NAIROBI, Kenya, March 17 – A three-judge bench of the High Court in Nairobi has upheld and validated the constitutionality of the Prohibition of Female Genital Mutilation Act, 2011, advancing the rights of women and girls to a positive cultural context and to protection against harmful practices.
The remarkable judgment follows the 2017 filing of a constitutional petition by a public health professional in Kenya challenging the constitutionality of the anti-FGM law on grounds that Sections 5, 19, 20, and 21 of the Prohibition of Female Genital Mutilation Act were unconstitutional. Section 5 of the Act establishes the Anti-FGM Board which is tasked with the responsibility of coordinating and leading efforts designed to end FGM on behalf of the government of Kenya. On the other hand, Sections 19 to 21 criminalize FGM and prescribe various penalties to those found guilty.
Justices Lydia Achode (presiding), Margaret Muigai, and Kanyi Kimondo however found that the Petitioner did not prove her allegations that the FGM law was unconstitutional. They opined that revoking the anti-FGM law would be detrimental to women in Kenya as it would leave them without the benefit of a legal protective mechanism thereby exposing them to this harmful practice.
The court observed that the survivors’ testimonies disclosed the devastating and harmful effects of FGM, and was therefore not convinced that any woman or girl would consciously and freely consent to FGM. Relying on the evidence of three medical experts, the Court also observed that there is no conceivable benefit of FGM.
“The implication of this is that FGM/C cannot be rendered lawful because the person on whom the act was performed consented to that act. No person can license another to perform a crime. The consent or lack thereof of the person on whom the act is performed has no bearing on a charge under the act,” said Lady Justice Achode.
The judges added that Kenya has, by ratifying numerous international treaties including CEDAW and the Maputo Protocol, made notable regional and international commitments to protect the rights of women and girls including the freedom from discrimination, cruel, inhuman, and degrading treatment and harmful practices and attaining the highest standards of health.
The judges also noted that culture is dynamic and not static, is fluid and susceptible to change and thus progressive measures have been taken by communities to abandon retrogressive, archaic, and harmful practices and further noted that FGM has negative, far-reaching immediate, short and long-term (often lifelong) effects on the physical and psychological health of women and girls.
“The Constitution grants the freedom for one to exercise their culture. However, that freedom has to be carried out in line with other constitutional provisions. From the law, we observe that culture entails various modes of expression and therefore what is limited is any expression that will cause harm to a person or by a person to another person. FGM/C falls into the latter category. It, therefore, follows that while our Constitution has a general underlying value of freedom, this value of freedom is subject to a limitation which is reasonable and justifiable. Additionally, it has not inscribed the freedom to inflict harm on oneself in the exercise of this freedom,” said Justice Achode.
While welcoming the judgment, the Anti-FGM Board CEO Bernadette Loloju pointed out that the enactment of the Prohibition of the FGM Act was a strategic legal intervention that protected both women and girls from this human rights violation. She explained that Kenyan laws did not protect adult women from FGM before the establishment of the anti-FGM Act.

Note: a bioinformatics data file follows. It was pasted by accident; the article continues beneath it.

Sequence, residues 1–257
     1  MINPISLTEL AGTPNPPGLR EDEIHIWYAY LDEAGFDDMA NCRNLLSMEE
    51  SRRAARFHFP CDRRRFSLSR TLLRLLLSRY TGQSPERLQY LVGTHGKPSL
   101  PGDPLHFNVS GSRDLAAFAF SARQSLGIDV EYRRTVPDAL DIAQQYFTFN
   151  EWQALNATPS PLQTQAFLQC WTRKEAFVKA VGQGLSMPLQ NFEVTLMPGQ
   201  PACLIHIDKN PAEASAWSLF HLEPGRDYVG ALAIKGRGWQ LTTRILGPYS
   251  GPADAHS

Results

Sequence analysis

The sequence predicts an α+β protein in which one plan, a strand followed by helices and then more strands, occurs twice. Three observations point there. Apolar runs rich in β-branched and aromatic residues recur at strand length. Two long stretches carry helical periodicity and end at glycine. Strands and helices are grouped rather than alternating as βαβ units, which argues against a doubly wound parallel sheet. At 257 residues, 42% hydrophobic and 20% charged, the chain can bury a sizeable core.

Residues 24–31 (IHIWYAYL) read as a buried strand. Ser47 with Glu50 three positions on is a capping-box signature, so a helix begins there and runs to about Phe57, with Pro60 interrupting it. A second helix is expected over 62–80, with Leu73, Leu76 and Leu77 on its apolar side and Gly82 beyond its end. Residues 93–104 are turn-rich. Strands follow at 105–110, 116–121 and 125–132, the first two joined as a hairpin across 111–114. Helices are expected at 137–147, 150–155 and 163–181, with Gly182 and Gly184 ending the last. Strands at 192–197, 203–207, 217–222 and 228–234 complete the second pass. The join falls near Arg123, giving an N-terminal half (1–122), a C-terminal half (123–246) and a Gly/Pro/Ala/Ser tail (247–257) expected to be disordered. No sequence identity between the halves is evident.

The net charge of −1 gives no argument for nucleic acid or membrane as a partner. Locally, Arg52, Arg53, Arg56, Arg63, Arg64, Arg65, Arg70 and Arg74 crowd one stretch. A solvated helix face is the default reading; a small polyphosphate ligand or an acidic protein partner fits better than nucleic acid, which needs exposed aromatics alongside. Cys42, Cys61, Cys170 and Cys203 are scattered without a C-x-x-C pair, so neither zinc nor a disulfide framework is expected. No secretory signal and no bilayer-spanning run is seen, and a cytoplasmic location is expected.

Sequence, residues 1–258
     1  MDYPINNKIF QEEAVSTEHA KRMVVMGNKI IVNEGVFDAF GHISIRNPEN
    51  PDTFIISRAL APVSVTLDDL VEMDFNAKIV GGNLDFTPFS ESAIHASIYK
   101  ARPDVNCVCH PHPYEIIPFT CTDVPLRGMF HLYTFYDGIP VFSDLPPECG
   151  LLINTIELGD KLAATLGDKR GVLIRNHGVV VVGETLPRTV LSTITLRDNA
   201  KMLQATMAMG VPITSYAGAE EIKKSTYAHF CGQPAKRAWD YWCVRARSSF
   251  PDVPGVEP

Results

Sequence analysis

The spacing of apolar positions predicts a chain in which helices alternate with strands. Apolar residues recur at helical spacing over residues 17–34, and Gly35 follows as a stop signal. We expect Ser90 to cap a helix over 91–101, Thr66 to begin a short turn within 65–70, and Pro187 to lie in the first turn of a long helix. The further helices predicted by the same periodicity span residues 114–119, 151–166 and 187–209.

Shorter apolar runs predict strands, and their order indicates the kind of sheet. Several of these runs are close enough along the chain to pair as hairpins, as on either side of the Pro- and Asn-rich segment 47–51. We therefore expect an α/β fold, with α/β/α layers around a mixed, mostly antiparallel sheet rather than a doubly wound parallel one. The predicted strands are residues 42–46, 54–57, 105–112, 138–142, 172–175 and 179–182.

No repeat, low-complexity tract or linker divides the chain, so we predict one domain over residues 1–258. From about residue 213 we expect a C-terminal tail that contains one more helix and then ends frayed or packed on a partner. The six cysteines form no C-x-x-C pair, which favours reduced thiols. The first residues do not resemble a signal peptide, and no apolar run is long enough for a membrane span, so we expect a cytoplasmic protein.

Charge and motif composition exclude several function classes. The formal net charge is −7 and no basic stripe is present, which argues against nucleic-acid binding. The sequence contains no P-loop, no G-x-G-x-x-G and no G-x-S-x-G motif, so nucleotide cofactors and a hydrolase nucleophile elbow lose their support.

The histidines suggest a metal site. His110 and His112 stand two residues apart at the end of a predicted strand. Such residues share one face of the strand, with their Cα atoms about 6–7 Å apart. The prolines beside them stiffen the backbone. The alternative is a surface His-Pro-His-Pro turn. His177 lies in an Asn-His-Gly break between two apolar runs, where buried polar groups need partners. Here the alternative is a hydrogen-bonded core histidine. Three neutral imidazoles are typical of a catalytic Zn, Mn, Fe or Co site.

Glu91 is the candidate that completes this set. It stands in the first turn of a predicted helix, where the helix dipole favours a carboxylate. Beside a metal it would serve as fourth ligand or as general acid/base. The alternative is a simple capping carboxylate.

“We were using the Children Act but it was just a clause that was limited to protecting children from this violation. When we got the Prohibition of FGM Act in 2011, it expanded this protection to women. Hence both women and girls are protected from FGM. The absence of a law criminalizing FGM would be a grave mistake because it would allow perpetrators to go back to cutting women and girls as they please. We have to guard this law and the strides that Kenya has made in ending FGM and being ahead of its peers,” she said.
The Kenya Demographic Health Survey (KDHS, 2014) report observed that about 87 percent of Kenyan women who have undergone FGM had a cut and their flesh was removed while nine percent had their genital area sown. In addition, 28 percent of women aged 20-24 who have been subjected to FGM in Kenya were cut when they were between five to nine years old.
Equality Now’s Africa Office Director, Faiza Mohamed lauded the court for reiterating Kenya’s commitments and obligations under various treaties and conventions that prohibit FGM including the Protocol to the African Charter on Human and Peoples’ Rights on the Rights of Women in Africa (Maputo Protocol) and the Convention on the Elimination of all Forms of Discrimination Against Women (CEDAW) which are reflected in the Prohibition of FGM Act (2011). Additionally, Kenya has made high-level political commitments to end FGM by 2022.
“FGM represents and promotes the subjugation and suppression of women, creating an environment that subjects uncut women and girls to ridicule and ostracism. The Petitioner’s attempt to void Kenya’s anti-FGM law would have jeopardized the future of millions of girls and women in Kenya and I am absolutely thrilled that Kenya’s High Court has stood in favour of girls and women in the Country. I hope that the Government will take the recommendation for law reform to ensure total prohibition of all forms of FGM and further take revamped steps to implement the law towards zero tolerance for FGM and free its daughters from this harmful practice, once and for all. I also hope that other African countries will adopt this progressive jurisprudence, adopt national laws and policies to eradicate FGM.” said Ms Mohamed.